Fear of SUCcess
The worst kind of sabotage is self-sabotage.
One of my favorite movies is Good Will Hunting. It’s about a young genius named Will Hunting from Southie, which refers to South Boston, Massachusetts. His name is Will Hunting. This young man who has photographic memory and amazing talent to solve complex math equations refuses to take advantage of opportunities that will allow him to fully maximize his gifts and talents. He is very guarded and doesn’t trust people because of the abuse experienced from his upbringing as a foster child. As I reflect on the story line, I can’t help but think of a phrase that many people struggle with – the fear of success.
Here are some of the questions that the fear of success provokes:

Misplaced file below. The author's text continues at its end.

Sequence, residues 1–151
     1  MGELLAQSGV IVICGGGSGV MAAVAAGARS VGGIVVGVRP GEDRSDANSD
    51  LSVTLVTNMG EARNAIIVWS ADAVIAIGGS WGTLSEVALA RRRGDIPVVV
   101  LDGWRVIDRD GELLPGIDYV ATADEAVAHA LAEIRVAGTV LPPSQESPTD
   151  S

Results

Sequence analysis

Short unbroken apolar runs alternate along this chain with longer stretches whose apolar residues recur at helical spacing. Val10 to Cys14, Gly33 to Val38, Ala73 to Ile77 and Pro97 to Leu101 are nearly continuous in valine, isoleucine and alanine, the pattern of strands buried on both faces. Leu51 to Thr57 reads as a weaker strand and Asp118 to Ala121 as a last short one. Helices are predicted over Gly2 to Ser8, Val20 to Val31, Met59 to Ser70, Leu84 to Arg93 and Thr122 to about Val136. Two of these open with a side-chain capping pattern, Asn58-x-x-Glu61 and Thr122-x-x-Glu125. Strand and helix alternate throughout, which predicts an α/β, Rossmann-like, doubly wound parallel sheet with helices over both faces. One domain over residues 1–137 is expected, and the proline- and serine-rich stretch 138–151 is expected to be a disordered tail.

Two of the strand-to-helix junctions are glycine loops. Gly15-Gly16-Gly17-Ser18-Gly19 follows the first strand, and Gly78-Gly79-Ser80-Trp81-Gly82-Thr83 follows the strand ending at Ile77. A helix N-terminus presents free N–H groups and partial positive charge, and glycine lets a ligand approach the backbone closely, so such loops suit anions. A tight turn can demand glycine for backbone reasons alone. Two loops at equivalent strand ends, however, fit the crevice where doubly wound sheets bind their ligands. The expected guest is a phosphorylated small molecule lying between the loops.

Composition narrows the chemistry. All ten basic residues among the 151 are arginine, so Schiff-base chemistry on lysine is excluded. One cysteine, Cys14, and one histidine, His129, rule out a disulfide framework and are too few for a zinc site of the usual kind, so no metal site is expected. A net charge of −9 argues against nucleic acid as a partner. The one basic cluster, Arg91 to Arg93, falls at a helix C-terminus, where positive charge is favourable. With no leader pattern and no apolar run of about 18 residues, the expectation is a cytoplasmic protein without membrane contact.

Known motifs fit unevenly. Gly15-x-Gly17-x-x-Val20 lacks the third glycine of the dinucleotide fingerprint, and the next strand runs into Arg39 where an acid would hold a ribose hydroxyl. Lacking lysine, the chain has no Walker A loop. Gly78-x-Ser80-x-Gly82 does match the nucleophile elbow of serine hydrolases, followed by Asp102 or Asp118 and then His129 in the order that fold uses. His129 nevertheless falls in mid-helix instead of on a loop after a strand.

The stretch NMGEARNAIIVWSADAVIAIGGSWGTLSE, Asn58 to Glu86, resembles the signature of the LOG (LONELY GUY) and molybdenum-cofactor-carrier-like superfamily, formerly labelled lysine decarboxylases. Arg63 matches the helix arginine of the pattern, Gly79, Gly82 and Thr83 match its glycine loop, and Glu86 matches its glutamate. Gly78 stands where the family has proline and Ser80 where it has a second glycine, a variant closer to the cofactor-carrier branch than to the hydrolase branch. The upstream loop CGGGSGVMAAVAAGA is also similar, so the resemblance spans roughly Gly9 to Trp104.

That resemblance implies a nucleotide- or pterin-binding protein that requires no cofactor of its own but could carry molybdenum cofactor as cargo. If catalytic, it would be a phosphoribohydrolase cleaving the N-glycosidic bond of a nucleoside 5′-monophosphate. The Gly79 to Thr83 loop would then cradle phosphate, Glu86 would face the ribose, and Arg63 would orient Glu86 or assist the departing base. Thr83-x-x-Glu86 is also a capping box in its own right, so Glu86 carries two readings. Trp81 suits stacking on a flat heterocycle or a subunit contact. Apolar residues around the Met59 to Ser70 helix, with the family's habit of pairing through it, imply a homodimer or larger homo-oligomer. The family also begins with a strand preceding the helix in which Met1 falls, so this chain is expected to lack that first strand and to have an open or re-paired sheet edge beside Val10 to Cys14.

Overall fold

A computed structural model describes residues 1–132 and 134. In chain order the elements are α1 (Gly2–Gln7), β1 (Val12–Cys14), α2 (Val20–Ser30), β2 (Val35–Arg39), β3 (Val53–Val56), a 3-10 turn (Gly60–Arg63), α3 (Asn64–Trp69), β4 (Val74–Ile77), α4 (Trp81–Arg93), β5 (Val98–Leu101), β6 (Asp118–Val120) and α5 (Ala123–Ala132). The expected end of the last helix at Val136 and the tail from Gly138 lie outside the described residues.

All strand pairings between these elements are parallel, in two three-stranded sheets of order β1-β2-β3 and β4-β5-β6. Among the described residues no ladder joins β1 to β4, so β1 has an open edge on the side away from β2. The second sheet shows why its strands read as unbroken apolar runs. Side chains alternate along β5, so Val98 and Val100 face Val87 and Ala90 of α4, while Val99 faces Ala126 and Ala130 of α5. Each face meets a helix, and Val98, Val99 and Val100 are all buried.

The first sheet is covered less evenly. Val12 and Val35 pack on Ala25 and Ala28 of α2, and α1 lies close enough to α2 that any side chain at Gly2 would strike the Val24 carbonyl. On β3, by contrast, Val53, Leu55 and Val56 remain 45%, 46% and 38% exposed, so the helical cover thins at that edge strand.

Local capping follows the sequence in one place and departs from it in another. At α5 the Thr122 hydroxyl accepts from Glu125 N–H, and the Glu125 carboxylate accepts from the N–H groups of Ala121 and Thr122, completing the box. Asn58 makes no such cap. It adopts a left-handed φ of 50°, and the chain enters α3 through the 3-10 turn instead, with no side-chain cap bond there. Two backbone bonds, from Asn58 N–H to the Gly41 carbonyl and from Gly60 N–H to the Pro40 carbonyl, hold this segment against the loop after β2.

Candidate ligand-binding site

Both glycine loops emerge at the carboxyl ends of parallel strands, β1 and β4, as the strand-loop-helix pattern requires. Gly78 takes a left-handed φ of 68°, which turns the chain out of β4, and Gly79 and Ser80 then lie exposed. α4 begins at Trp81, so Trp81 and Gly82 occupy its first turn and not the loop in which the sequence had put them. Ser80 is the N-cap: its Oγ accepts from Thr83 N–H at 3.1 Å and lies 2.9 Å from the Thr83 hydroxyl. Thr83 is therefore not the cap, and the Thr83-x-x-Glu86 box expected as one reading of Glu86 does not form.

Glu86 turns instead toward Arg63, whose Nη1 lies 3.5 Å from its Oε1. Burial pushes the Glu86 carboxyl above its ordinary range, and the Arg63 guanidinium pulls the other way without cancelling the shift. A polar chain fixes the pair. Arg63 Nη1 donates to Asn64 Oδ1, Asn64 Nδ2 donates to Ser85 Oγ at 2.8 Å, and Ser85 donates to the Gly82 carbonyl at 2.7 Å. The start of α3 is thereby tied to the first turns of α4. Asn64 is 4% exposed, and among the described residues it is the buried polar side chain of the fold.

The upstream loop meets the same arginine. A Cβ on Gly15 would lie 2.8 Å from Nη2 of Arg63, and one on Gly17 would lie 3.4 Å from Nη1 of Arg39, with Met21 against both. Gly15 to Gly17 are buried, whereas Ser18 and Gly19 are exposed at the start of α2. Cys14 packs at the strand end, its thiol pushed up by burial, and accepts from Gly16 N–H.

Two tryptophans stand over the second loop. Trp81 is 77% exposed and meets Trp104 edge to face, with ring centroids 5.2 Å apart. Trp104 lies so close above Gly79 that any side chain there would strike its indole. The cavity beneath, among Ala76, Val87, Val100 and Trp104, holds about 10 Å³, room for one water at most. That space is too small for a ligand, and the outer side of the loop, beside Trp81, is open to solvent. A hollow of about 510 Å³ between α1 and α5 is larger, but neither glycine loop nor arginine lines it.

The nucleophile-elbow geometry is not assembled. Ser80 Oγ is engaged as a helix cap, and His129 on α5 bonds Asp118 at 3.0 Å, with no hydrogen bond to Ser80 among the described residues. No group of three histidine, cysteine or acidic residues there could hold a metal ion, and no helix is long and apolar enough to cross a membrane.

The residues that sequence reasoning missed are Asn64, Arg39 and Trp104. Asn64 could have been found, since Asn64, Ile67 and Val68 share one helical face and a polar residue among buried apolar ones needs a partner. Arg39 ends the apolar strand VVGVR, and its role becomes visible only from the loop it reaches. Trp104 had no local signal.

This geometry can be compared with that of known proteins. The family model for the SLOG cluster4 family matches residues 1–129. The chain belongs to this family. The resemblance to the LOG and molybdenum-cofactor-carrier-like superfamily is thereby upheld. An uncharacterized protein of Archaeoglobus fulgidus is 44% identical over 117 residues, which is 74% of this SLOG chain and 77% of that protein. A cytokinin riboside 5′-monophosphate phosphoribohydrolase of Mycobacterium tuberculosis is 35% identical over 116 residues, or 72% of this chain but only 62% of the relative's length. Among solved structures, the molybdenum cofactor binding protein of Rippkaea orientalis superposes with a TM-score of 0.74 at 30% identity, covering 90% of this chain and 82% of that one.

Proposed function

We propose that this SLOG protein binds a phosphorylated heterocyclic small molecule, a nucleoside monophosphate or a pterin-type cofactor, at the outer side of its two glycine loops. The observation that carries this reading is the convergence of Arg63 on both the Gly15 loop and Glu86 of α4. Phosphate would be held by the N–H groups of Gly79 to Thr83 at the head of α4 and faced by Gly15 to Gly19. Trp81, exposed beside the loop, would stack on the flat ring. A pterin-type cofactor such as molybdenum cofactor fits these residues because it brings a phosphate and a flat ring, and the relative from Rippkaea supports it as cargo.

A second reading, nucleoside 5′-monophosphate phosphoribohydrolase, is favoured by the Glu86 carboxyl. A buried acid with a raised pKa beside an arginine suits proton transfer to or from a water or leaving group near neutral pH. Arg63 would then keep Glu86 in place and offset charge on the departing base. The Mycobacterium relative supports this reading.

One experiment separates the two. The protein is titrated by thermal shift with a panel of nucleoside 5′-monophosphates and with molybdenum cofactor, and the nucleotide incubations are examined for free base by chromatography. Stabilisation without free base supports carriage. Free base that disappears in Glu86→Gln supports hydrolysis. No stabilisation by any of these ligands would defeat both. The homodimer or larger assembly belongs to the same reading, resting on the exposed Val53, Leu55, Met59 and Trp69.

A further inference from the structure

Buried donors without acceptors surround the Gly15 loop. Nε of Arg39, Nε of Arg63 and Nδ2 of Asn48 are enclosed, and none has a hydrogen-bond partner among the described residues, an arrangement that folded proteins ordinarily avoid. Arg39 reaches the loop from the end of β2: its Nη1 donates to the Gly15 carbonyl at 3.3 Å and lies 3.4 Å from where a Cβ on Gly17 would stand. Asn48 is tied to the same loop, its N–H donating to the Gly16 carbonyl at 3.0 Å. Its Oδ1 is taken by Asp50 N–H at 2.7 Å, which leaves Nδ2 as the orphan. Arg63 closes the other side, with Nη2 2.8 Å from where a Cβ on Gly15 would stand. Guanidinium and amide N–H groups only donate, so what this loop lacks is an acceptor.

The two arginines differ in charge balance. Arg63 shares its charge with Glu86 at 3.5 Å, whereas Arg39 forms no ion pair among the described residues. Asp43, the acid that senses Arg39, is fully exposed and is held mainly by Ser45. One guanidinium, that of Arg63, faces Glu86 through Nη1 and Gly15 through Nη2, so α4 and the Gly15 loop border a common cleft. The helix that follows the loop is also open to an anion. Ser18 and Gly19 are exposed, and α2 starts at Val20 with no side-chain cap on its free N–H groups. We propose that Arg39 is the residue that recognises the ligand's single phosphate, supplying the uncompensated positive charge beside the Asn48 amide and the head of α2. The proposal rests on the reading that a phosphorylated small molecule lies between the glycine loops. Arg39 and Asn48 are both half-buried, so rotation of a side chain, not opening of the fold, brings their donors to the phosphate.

-What if I’m not able to keep or maintain my success?
-Will people think I’m a fraud?
-What if people have higher expectations of me than I do?
-What if I’m accused of being a sellout because I no longer have the same life struggles as the people I once shared them with?
-What if I become someone I never wanted to be?
And one of the most intense and powerful questions I’ve ever heard:
-What if people ONLY love me because of my success and not for who I am?